Now that the ArcGIS API for JavaScript 4.0 has been released for a couple of weeks, this is an excellent opportunity to take a walk through some of the new syntax and functionality. This blog will go through a sample 3D application focusing on the Search widget. You can follow along with the sample code from the Esri Developer Support GitHub repository, and run the hosted sample here: View it Live.

Functionality-wise, the app displays a 3D map with four widgets: Search, Zoom, Compass, and Attribution. By default, the View includes the latter three widgets, as described in the documentation. If you’re not familiar with the 4.x changes, all mapping apps contain a map and a view. The map holds the data, and the view contains the visualization information for that data. In other words, the map is the subject, and the view is the camera; complete with filters, modes, and settings. All 2D apps will have MapViews, and 3D apps will have SceneViews (note: the term ‘scene’ indicates three dimensions across ArcGIS). The same applies for maps from ArcGIS Online and Portal for ArcGIS: a WebMap is 2D, and a WebScene is 3D.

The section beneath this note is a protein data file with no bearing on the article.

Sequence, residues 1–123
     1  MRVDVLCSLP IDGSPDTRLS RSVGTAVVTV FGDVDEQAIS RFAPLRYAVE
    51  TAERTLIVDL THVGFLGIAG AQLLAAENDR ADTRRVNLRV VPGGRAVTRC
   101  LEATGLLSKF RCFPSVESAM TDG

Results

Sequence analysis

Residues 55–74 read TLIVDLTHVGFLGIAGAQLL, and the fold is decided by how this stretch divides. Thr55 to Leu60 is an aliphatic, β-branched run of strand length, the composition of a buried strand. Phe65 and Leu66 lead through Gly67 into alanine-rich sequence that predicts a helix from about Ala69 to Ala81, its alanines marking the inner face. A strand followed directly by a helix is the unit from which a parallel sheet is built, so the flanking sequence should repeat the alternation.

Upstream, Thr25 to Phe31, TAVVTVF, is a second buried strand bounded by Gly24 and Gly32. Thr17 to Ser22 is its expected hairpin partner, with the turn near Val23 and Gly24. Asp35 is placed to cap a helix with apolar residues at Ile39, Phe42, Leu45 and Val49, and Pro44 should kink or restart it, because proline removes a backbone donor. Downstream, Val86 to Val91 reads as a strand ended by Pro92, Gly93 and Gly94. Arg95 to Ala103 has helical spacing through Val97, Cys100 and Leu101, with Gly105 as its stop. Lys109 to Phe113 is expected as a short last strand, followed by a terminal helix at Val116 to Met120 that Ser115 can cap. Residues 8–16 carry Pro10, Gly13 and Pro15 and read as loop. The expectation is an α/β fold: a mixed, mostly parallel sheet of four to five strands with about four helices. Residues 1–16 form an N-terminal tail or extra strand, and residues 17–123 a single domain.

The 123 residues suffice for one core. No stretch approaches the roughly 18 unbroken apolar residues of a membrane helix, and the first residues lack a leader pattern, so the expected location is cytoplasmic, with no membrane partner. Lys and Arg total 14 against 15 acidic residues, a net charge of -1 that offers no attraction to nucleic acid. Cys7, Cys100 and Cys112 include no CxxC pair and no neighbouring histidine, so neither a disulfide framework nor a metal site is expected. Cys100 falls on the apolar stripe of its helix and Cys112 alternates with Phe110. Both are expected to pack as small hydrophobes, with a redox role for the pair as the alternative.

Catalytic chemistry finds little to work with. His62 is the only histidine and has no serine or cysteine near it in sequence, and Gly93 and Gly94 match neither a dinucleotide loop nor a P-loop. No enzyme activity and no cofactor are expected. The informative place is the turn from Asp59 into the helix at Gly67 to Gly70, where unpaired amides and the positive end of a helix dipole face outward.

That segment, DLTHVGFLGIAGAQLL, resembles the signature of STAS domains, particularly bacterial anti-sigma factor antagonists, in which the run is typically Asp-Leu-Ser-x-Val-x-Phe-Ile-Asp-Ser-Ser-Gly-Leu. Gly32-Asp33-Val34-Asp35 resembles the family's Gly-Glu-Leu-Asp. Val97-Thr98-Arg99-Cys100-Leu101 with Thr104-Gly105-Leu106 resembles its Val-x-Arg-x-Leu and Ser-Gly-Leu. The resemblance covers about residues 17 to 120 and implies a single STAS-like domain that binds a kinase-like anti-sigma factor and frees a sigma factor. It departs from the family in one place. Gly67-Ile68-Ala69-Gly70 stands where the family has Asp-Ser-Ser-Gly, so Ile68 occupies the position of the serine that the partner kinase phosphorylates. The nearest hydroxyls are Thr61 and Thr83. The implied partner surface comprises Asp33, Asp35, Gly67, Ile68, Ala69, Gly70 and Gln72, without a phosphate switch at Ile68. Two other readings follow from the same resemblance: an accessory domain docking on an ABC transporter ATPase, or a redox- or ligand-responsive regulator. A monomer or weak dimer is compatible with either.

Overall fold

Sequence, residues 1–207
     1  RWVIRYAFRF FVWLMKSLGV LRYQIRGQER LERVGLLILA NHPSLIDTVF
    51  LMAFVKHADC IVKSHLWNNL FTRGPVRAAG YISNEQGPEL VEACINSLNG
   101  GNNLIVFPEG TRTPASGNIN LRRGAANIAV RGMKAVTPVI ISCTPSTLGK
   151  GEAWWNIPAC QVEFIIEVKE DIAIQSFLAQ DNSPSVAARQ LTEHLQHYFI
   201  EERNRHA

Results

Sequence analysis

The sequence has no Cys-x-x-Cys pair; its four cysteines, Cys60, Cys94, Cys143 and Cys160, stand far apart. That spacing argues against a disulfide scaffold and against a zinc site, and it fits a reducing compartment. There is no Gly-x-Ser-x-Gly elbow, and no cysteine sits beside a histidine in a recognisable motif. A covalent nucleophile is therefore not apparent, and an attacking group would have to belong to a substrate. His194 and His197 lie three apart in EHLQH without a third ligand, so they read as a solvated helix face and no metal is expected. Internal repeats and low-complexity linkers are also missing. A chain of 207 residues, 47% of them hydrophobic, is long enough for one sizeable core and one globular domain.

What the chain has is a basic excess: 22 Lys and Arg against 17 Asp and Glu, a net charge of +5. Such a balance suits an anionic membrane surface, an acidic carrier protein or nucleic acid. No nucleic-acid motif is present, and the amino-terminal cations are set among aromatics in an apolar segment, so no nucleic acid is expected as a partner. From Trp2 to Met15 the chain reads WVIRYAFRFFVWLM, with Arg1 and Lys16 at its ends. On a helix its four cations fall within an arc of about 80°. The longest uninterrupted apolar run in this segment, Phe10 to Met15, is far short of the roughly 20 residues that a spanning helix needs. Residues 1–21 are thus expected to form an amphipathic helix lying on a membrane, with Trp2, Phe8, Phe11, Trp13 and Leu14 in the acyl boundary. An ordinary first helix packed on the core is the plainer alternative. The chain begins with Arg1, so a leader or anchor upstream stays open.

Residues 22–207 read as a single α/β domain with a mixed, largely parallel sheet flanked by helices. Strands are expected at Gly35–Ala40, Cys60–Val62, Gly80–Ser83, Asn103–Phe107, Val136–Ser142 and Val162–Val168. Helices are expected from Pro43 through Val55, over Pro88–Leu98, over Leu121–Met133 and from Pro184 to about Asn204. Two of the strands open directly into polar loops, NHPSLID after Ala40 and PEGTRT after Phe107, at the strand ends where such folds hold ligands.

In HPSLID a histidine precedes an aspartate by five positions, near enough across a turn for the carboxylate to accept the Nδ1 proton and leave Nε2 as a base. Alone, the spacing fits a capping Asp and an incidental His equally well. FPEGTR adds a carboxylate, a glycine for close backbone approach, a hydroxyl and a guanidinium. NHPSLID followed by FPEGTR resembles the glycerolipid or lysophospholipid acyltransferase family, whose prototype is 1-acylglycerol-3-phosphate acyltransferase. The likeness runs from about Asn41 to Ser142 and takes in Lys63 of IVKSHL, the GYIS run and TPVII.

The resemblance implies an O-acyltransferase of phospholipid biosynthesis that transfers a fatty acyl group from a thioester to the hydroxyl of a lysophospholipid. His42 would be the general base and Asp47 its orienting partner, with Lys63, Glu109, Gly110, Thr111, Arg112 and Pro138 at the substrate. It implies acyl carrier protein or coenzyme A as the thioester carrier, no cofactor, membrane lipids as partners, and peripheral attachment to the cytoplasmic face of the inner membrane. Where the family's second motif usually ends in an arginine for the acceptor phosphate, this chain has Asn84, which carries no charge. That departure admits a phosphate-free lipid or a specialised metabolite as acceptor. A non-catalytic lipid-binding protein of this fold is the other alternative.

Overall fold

2D map + 3D scene

2D map + 3D scene

Continue reading

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Final Release and Support Plan for the ArcGIS APIs / Viewers for Flex and Silverlight

Esri logo

The next release of each ArcGIS API and Viewer (for Flex and Silverlight) will be significant in that they are the last planned releases of two once-popular technologies. While technical support will be available for both APIs and viewers through June … Continue reading

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JavaScript Events – Advocating for On Style Event Programming

Have you ever created a web application with the ArcGIS API for JavaScript? You may have noticed there are a variety of approaches to event-driven programming: the newer On Style events, the legacy Connect Style events, and events that are plugged directly into the body of an HTML page. Unless you are faced with adopting a legacy application that mixes patterns, it is a good idea to implement one event programming style: On Style.